The WorldNetDaily Manifesto, By Anders Breivik
The accused Norway terrorist not only cites WND in his manifesto, his concerns about Islam and multiculturalism are closely aligned with WND's editorial agenda.
By Terry Krepel
Even though WorldNetDaily published the 1,500-page manifesto Anders Behring Breivik -- accused in the terrorist explosion and shootings in Norway that killed dozens -- it has yet to inform its readers that Breivik's manifesto cites WND six times:
In fact, several of the subjects Breivik covers in his manifesto are similarly popular at WND. Let's examine a few of them.
Sarah Posner at Religion Dispatches notes that "Breivik sought to reconstitute a former crusades military force, one that would rescue a 'pure' race from incursions by Muslims," describing "Islamic conquest" of Europe as "demographic warfare." Not only is Muslim-bashing a staple of WND, Breivik's manifesto cites several anti-Muslim writers whom WND has lavished praise upon.
Chief among them is Pamela Geller, who is cited by Breivik more than a dozen times. Not only is Geller a regular WND columnist, WND is publishing her new book, "Stop the Islamization of America." Geller has a long history of anti-Muslim hostility.
Another WND favorite is Walid Shoebat, who is cited more than 15 times by Breivik. Only last month, WND was trying to deflect a CNN report that he may not be the ex-Muslim terrorist he claims to be. Farah wrote a fawning profile of him in 2004 and last month called him, along with Geller, "friends" and "freedom fighters" he's "proud to keep company with."
WND is also a big fan of self-proclaimed prophet Joel Richardson, publishing his book "The Islamic Antichrist," in which he argues that the biblical Antichrist is one and the same as the Quran's Mahdi and declares that "Islam is indeed the primary vehicle that will be used by Satan to fulfill the prophecies of the Bible about the future political/religious/military system of the Antichrist that will overwhelm the entire world just prior to the second coming of Jesus Christ." WND published a column by Richardson in which he agrees with Quran-burning pastor Terry Jones that "Islam is of the Devil"; a few months later, Richardson walked it back, conceding that "many devout Muslims embrace an imperialistic and violent form of Islam."
Additionally, WND is chockablock with attacks on Islam. For instance:
WND loves to smear anyone who has shown even the slightest Muslim leanings as an Islamic extremist. One notorious example is the guilt-by-association smears reporter Aaron Klein hurled at Vartan Gregorian -- former president of Brown University and the New York Public Lbriary, current head of the Carnegie Corporation, and recipient of the Presidential Medal of Freedom from President Bush -- declaring that was "closely tied to the Muslim leaders behind a proposed controversial Islamic cultural center to be built near the site of the 9/11 attacks" by serving on the board of the 9/11 Memorial and Museum. Of course, by that affiliation Gregorian is in league with all four living former presidents, Rudy Giuliani, George Pataki, and 9/11 widow Debra Burlingame. Klein also quoted from a review of a book Gregorian (Klein showed no evidence of actually reading the book) wrote to falsely portray him as an extremist.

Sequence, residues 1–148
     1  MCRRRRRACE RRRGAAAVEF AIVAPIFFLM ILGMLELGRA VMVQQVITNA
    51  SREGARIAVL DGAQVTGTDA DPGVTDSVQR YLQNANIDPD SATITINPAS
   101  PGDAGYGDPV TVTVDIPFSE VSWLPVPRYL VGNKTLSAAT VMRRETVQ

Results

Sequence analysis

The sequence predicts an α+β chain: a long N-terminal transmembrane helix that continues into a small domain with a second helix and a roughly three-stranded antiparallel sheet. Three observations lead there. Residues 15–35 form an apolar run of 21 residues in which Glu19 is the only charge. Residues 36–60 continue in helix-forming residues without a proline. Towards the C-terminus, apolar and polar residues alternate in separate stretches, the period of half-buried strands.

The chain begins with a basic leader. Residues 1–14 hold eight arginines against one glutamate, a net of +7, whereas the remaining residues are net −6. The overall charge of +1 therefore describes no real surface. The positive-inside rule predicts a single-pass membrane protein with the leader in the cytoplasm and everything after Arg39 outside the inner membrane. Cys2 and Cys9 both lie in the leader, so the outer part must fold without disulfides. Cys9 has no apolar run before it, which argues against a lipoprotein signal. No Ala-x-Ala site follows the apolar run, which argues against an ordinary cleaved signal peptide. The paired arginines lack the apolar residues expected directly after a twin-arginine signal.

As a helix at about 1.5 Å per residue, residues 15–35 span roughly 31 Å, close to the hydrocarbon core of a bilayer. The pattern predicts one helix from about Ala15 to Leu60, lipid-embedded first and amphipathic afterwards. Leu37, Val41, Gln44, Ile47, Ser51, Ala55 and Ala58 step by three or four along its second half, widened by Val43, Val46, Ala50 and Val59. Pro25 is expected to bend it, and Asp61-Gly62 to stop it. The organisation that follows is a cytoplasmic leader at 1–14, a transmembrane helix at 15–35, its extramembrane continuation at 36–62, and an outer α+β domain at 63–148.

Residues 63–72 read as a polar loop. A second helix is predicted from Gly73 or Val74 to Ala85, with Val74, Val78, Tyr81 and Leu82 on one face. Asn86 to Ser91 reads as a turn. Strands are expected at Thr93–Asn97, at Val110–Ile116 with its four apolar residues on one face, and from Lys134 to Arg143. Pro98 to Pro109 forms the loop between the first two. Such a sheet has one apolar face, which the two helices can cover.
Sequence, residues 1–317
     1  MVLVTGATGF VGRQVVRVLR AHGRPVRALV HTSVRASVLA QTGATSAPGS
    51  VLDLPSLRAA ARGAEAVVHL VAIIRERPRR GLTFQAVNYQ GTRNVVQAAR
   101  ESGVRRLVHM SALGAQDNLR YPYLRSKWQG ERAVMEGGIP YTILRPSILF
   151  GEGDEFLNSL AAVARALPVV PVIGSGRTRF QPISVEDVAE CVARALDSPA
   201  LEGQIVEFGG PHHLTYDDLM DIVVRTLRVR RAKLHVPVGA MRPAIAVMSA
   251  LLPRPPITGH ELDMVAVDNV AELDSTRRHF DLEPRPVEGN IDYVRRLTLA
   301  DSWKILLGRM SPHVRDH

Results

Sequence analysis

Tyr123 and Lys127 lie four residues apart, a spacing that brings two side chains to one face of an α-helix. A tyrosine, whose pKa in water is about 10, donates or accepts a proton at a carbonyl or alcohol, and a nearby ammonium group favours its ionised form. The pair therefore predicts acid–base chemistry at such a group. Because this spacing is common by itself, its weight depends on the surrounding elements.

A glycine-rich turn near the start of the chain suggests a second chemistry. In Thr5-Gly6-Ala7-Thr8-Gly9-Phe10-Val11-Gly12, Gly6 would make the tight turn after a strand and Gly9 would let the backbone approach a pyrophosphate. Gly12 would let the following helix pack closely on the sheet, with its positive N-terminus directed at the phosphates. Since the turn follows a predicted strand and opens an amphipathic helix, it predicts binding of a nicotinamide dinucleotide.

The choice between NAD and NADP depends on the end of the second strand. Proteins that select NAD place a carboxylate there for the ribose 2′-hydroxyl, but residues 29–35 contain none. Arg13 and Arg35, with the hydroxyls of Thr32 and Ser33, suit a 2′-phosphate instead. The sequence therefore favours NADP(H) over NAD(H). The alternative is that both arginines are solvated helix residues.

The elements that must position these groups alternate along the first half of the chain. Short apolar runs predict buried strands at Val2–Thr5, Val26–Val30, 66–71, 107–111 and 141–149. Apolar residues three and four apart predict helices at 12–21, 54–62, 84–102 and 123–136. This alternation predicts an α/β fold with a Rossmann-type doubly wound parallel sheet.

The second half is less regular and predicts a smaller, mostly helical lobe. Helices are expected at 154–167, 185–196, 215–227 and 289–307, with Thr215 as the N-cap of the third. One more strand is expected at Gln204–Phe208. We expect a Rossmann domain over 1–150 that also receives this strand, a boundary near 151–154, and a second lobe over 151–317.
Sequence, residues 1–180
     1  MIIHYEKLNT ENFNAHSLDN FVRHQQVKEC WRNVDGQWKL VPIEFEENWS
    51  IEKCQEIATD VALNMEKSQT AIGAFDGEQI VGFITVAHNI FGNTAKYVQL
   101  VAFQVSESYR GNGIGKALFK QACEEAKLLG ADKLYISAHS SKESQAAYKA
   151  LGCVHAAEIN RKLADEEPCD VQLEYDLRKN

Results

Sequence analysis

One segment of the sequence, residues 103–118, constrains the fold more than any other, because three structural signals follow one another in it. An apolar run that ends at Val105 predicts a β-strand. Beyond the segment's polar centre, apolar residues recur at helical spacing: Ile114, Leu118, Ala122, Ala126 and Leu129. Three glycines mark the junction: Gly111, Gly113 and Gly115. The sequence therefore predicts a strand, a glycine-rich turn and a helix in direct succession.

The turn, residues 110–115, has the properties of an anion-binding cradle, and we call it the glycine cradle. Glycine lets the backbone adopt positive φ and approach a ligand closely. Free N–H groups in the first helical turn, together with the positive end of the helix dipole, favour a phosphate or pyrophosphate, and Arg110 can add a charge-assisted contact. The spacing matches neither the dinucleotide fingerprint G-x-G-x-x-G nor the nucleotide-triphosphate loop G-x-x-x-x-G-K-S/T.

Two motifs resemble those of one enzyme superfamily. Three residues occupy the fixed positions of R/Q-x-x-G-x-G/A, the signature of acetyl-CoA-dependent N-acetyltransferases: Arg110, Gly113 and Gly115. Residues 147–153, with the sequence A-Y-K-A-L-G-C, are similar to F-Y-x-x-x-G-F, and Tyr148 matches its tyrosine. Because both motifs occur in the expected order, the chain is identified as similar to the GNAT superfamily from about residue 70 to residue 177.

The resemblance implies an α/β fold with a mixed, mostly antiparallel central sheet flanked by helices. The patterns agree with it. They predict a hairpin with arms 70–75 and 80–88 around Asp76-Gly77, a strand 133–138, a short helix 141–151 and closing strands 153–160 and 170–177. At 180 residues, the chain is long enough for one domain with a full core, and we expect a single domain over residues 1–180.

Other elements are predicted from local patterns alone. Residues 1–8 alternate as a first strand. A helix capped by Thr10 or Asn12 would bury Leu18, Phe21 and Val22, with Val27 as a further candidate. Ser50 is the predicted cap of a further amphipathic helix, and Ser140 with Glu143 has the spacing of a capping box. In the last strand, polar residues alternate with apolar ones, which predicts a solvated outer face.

Posner states that the Muslims from whom Breivik is trying to save Europe are being aided by his enemy, the "multiculturalists," or "cultural Marxists," or proponents of "political correctness." WND too has long railed against multiculturalism and what it perceives to be political correctness.
A search for "multiculutralism" in WND's article archive returns 430 results at this writing. A few examples:
At least one WND columnist is quite down with Breivik's opinions on multiculturalism. From Vox Day's July 24 column:
The frightening reality is that Breivik is probably correct in anticipating violence of this magnitude in the future. Indeed, it may well be that he is erring on the conservative side. Just as the depression of the 1930s set the stage for large-scale military conflict, the even larger global depression that began in 2008 is likely to build upon the dreadful foundation that was foolishly imposed upon the West by the multiculturalists. What the eventual outcome will be is uncertain. It may be the global government of progressive dreams, but based on the pendulum principle of history, it will more likely mark a return to the pre-World War I state of balanced and ethnically homogenous powers.